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I tried searching for this, but couldn't find anything.  I noticed that the altitude range between the radar cursors doesn't change with the pitch of the jet (I'm running the latest stable version).  For example, if I point the nose up 30 degrees, the altitude range between the cursors 20 miles away stays the same as if I were flying level.  It seems to only be linked to the aircraft's altitude.

 

I've never flown an F16 so I don't know how it really is, I always just assumed that radar elevation was with respect to the aircraft itself and not the aircraft's position in the environment, but I'm sure someone here can correct me if this assumption is wrong.

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I had the same question a few months ago and was told that the radar antenna compensates for your pitch. That actually makes sense, image you are maneuvering while trying to keep tracks on some targets, e.g. to guide a missile. Now imagine you would have to manage the radar elevation along with your actual flying and still keeping tracks of the targets - quite a work load which could easily result in a wasted missile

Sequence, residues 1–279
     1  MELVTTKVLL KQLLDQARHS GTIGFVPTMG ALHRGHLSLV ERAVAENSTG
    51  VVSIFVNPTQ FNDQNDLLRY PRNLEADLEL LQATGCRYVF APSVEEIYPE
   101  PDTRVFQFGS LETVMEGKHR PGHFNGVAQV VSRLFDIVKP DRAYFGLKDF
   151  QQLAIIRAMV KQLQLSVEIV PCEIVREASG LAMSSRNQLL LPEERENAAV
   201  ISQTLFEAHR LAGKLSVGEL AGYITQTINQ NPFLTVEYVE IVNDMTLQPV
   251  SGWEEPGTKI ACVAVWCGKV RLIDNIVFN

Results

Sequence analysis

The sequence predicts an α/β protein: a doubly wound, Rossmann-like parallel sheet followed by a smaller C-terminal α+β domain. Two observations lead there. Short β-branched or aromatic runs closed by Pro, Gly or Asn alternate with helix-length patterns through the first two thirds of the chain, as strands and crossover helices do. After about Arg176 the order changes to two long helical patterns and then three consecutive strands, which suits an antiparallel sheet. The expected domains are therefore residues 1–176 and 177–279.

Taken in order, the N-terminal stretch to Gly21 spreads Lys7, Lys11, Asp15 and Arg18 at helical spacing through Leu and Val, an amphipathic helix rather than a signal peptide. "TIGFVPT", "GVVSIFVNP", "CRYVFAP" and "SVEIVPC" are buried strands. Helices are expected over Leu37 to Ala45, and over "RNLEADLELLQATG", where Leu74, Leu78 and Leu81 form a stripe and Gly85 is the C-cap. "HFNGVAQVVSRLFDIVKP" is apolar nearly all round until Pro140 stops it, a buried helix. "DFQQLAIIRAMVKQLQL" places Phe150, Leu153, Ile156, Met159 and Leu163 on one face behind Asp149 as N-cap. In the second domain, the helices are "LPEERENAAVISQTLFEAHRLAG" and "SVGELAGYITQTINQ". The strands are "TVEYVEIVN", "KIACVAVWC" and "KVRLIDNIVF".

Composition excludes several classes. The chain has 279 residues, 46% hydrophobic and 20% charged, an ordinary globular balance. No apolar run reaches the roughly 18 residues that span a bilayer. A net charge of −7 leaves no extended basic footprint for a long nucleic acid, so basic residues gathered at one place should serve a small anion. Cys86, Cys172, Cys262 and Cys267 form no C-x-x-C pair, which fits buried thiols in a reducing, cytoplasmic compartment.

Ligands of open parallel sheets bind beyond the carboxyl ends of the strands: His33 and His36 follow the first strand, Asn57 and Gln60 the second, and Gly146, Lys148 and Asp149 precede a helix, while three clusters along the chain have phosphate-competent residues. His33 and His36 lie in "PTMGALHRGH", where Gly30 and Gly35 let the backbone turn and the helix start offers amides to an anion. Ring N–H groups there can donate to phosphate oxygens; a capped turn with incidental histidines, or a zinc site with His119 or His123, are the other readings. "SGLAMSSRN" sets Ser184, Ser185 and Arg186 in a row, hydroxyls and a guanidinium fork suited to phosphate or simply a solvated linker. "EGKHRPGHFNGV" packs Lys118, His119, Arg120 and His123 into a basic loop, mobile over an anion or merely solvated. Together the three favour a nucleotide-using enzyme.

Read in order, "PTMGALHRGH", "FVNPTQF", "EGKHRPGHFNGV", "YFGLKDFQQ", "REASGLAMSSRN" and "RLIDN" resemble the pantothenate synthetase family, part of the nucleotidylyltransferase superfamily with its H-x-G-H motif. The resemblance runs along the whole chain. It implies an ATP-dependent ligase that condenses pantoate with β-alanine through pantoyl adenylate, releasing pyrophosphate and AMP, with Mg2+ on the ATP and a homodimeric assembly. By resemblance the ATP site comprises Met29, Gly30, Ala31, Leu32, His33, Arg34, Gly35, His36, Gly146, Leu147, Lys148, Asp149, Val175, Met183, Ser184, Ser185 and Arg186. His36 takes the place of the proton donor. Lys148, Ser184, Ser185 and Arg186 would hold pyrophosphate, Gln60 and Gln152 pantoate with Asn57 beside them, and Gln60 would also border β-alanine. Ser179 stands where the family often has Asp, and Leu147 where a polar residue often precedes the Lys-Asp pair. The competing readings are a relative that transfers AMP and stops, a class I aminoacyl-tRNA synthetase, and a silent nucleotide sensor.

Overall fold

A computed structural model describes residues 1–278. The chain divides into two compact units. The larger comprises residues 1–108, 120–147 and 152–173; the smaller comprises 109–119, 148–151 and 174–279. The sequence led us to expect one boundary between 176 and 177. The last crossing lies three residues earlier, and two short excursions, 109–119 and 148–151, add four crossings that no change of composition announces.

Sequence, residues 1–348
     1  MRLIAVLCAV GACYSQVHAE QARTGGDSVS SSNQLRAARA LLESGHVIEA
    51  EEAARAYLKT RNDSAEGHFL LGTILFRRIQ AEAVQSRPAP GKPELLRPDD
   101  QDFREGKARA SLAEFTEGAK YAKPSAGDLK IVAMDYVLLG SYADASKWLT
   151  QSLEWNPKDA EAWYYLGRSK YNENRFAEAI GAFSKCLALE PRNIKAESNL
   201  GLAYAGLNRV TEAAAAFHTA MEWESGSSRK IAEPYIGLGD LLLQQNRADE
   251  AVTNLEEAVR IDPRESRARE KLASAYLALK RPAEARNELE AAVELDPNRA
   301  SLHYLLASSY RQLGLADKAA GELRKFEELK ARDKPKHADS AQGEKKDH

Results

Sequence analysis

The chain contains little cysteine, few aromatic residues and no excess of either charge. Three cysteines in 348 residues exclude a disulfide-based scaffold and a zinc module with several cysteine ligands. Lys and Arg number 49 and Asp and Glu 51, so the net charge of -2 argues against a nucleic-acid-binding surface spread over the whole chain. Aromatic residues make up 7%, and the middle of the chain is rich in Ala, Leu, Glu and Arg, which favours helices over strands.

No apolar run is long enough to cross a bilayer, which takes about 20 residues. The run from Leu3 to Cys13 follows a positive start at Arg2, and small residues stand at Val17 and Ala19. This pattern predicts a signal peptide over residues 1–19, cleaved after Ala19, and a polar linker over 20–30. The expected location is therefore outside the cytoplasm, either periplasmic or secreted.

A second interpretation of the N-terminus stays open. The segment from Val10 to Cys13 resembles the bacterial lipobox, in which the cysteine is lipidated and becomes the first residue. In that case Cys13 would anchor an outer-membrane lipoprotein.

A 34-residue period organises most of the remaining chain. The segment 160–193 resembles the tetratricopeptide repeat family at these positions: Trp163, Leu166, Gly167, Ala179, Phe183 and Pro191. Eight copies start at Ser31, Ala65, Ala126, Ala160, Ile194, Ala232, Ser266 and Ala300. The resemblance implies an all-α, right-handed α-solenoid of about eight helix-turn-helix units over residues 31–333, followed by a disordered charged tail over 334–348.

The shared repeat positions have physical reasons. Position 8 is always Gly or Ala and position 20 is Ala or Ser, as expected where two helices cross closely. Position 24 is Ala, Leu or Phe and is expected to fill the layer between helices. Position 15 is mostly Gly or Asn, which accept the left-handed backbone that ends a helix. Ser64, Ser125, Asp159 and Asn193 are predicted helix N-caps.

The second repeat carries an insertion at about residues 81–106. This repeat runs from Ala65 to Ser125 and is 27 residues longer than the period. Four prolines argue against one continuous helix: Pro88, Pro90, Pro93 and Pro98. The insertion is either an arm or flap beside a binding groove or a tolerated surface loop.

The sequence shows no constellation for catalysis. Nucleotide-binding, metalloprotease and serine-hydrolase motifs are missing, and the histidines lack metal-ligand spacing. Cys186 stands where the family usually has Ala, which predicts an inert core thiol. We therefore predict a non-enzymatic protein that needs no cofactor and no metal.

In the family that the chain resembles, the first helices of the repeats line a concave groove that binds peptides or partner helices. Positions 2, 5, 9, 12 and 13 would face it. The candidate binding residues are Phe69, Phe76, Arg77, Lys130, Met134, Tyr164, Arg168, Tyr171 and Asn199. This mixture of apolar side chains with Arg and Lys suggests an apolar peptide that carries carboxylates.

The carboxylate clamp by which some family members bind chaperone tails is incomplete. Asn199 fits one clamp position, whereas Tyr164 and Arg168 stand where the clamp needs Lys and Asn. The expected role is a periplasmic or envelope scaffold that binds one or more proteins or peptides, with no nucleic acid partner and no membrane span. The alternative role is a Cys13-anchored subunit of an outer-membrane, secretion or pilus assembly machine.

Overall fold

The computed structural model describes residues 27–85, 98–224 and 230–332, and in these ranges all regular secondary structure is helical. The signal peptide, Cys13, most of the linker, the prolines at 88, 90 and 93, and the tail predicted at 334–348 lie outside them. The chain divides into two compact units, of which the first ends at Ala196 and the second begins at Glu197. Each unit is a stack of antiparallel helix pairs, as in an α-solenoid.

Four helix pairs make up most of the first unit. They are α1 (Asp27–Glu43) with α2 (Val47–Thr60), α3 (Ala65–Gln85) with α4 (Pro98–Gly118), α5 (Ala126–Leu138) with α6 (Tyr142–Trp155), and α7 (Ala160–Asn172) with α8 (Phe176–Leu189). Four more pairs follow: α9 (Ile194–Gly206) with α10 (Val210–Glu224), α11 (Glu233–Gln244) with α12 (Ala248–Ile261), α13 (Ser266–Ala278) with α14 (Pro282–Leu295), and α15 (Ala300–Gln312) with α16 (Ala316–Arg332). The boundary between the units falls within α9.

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Yes, basically every modern RADAR (including the APG-68(V)5 of the F-16CM) is effectively horizon stabilised. When you adjust the RADAR antenna elevation (which is a knob or wheel on the throttle nearly all of the time), you're doing so in relation to the horizon - obviously within the gimbal limits of the antenna.

 

So if you have a 1 bar scan centred around 0° elevation, the RADAR will essentially scan across the horizon (as determined by aircraft instruments) regardless of aircraft attitude. 


Edited by Northstar98

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Search modes (e.g. RWS) that are meant to detect objects at long range usually have the radar stabilized to the horizon, not only in pitch but also in roll. The reason for this is that it disconnects the searched volume from the attitude of the aircraft. So the pilot can easily visualize the searched volume and possible hits as well as doesn't have to adjust the radar with attitude changes like Donglr already explained. In some submodes even azimuth is disconnected from the aircraft attiude (not implemented yet in the Hornet).

 

In modes (ACM modes) where the pilot is meant to already see the target, the radar is actually referencing the aircraft's attitude. That way the pilots doesn't have to manipulate the radar but can keep looking at the target and change the aircraft attitude (maneuver) to aquire a track.


Edited by RED
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